This week’s top stories focus primarily on the vacation rental market. New regulations in Victoria may prevent developers from allowing short-term rentals on new projects, while a new report reveals most Airbnb hosts profit from renting out entire homes or multiple units to avoid taxation. Resorts are also doing their part to maximize profits, by decreasing room volume to increase consumer interest by offering more spacious leisure grounds. Speaking of increasing profit – property management companies in Canada have recently retooled to help landlords and investors get the most out of their assets.
Here is Western Investor’s pick of the top commercial real estate stories published this week.
New regulations passed by the City of Vancouver will limit short-term rentals under 30 days, including most Airbnb listings. Developers worry it will affect sales where homeowners and investors alike made purchases believing rentals would not be governed.
David Chard, who has built five residential buildings in or near downtown, with four others planned or under construction, said developers may start to question the stability of the city’s policies. The rules affect suite owners who have been renting their units through online platforms such as Airbnb and treating them like businesses.
The rule changes will disallow in new developments short-term rentals of fewer than 30 days if they are in transient zones — the ones that include hotels, motels, and bed and breakfasts. Condo units currently being operated as short-term rentals can continue to be run that way, but will lose that status if not operated as a short-term rental for a six-month period.
“It’s disappointing that council has not considered grandfathering provisions or, I believe, realize the negative impact on housing affordability or accessibility for many persons in the housing continuum,” Chard said in an email. “Developers rely on stability and continuity for their long-term planning as projects generally take years of planning prior to a shovel being put in the ground.”
Chard said it could have a significant impact on projects in the planning stages. “Projects that have been pre-sold and individual homeowners or one-off investors that have purchased in anticipation of stable Victoria policies for their decision making have been side-swiped,” he said.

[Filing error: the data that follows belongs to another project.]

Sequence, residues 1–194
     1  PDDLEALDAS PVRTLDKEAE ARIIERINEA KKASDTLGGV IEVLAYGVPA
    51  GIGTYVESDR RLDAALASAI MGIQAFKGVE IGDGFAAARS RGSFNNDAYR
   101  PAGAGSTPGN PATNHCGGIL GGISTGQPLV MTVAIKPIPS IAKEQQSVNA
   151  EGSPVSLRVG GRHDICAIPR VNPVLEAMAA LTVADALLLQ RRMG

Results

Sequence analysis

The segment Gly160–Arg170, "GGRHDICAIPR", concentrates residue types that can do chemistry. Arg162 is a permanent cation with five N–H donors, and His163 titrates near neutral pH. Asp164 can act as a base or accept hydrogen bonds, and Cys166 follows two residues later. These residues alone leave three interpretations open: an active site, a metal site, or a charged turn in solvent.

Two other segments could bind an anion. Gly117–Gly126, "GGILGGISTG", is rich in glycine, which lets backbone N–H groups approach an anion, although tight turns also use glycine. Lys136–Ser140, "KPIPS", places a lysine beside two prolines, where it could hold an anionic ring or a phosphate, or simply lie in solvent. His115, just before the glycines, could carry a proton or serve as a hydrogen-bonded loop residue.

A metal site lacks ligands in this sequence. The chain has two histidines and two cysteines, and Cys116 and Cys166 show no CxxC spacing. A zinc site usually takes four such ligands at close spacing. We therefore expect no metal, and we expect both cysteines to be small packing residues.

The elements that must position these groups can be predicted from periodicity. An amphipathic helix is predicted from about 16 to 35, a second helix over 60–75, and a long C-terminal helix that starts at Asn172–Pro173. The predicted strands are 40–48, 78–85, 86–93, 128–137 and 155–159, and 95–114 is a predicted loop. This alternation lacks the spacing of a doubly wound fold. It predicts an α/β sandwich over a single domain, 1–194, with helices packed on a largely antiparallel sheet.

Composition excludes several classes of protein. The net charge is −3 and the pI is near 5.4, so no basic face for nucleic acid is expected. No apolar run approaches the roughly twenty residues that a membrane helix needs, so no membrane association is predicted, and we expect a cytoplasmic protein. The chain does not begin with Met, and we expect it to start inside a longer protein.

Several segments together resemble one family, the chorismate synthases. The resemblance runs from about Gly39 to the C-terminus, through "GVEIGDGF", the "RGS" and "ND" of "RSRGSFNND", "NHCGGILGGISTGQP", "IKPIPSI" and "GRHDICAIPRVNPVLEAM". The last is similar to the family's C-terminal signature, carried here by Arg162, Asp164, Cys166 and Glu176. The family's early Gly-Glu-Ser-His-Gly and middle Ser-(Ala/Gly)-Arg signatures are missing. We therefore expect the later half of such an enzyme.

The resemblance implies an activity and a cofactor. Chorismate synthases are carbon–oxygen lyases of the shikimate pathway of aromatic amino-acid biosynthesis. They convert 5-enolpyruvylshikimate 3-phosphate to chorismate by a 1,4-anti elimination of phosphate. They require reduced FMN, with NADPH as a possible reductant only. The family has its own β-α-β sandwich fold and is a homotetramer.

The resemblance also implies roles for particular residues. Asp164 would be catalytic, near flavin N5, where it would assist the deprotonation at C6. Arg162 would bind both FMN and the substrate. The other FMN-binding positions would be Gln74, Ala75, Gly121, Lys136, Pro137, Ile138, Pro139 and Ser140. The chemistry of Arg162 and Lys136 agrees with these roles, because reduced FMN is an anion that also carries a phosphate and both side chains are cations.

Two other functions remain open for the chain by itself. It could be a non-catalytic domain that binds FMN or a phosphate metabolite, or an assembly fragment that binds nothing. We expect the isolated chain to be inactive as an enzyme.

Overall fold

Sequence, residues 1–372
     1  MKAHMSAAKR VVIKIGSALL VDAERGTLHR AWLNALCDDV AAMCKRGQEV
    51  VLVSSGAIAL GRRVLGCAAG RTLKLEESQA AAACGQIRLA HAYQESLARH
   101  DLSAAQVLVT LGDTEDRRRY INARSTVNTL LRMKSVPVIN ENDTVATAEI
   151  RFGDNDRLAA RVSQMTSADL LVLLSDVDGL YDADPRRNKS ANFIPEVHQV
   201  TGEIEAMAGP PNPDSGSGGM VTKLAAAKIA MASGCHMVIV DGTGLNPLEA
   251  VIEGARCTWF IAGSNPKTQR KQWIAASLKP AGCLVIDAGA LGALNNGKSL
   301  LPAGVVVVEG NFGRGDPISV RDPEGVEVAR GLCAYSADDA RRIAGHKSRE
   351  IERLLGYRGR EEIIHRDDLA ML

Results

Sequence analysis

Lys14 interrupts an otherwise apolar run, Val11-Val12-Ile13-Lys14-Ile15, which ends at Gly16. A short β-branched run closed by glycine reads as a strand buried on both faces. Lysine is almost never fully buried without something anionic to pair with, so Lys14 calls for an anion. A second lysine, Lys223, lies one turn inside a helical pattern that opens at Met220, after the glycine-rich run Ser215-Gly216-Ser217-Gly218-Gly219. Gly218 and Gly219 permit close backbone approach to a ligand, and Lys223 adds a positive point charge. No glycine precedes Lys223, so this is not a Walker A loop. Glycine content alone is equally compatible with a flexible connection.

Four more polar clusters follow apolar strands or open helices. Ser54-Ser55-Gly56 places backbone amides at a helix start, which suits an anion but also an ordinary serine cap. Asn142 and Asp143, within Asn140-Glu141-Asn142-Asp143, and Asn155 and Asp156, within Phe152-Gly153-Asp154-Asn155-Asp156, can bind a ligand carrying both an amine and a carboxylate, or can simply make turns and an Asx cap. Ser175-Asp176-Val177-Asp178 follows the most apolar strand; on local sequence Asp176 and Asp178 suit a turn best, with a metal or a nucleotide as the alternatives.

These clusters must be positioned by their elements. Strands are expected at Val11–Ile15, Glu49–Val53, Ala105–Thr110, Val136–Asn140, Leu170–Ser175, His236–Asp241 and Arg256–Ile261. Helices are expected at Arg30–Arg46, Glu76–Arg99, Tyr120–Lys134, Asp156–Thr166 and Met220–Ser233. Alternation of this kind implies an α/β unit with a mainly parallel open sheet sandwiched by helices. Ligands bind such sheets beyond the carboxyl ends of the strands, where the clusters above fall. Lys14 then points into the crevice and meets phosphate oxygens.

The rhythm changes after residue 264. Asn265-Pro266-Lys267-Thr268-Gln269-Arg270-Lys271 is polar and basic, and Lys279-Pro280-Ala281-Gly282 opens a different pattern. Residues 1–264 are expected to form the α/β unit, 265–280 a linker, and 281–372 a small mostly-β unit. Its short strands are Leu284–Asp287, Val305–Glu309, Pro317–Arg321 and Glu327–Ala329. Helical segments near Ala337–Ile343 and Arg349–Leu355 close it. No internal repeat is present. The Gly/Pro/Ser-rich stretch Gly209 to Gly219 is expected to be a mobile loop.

The Urban Development Institute had a similar stance Monday. In a statement, UDI Capital Region executive director Kathy Hogan said that understanding the impact of and finding the right regulations to implement for short-term rentals is a complex issue. “Council's broad-based approach of eliminating transient zoning ... removes certainty for developers and creates greater risk in an already risk-prone industry,” she wrote. “There are likely more effective ways to regulate short-term rentals and maintain the rental stock.”
But Victoria Coun. Geoff Young said the city is concerned about the lack of housing and the time has come for action, adding that council’s role is to establish a regulatory framework to make it happen. “We have studied (short-term vacation rentals) more than enough to recognize that it’s an issue and we know which direction we want to go,” he said, noting they could never know how many units currently being used for short-term rentals in the city are likely to revert to residential use.
“There’s not a world in which we could ever know that. What we do know is there are many units used for this kind of use, nor is it difficult to determine that a lot of people are finding it difficult to find places to live as permanent residents,” he said. “We made the value judgment that we would like to see the market shift over in favour of the permanent residents.”
Okanagan and Vancouver Island resort owners have embraced a new layout for developing their properties to entice travellers, Tyler Nyquvest of Business in Vancouver reports. Visitor feedback revealed that travellers prefer more open space, causing owners to scale back on accommodations to increase leisure area.
An Okanagan resort is hoping to curb the trend of overcrowded resort venues by reducing volume to increase profit.
And it is not alone.
Cozy Cabins Nature Resort, located west of Vernon in Creighton Valley, is incorporating recent feedback from guests and emerging industry trends in the industry to take a new direction with the business, said resort marketing manager Erik Hatterscheidt.
“[The idea] came out of the fact that when we were developing our resort, we built our cabins a little bit differently than a lot of other resorts out there by spacing them farther apart, spreading them over our 60 acres,” said Hatterscheidt.
“We were finding that a lot of guests were booking in with us because of that reason, that extra space.”
Because Cozy Cabins is between Vancouver and Calgary, Hatterscheidt noticed that family reunions were commonplace at the resort and neighbouring competitors.
“We found that when [large groups] came in together … it changed the whole dynamic of the resort, so we started turning them away,” said Hatterscheidt.
“Most of the resorts around us make their bread and butter from those types of family reunions. We started saying no to larger groups, which were a huge part of our income, and started booking small families.”
After surveying guests, Hatterscheidt discovered visitors would be much more willing to pay a premium for what they already had, minus the extra people.
Cozy Cabins increased its price range approximately 40 per cent with the main focus being quality over quantity. So far, the strategy has worked, said Hatterscheidt.
“Our profit margin went from an average of 15 per cent to 50 per cent. Our revenue has been growing significantly as well.”
The trend is becoming a staple to B.C. resorts as tourism numbers increase. Visitors are more interested in quiet, unobstructed landscapes commonly marketed in Canadian travel material.
“You cannot provide that kind of [serene] experience if you have any kind of volume,” said Laura Neubert, vice-president of business development at Clayoquot Wilderness Resort.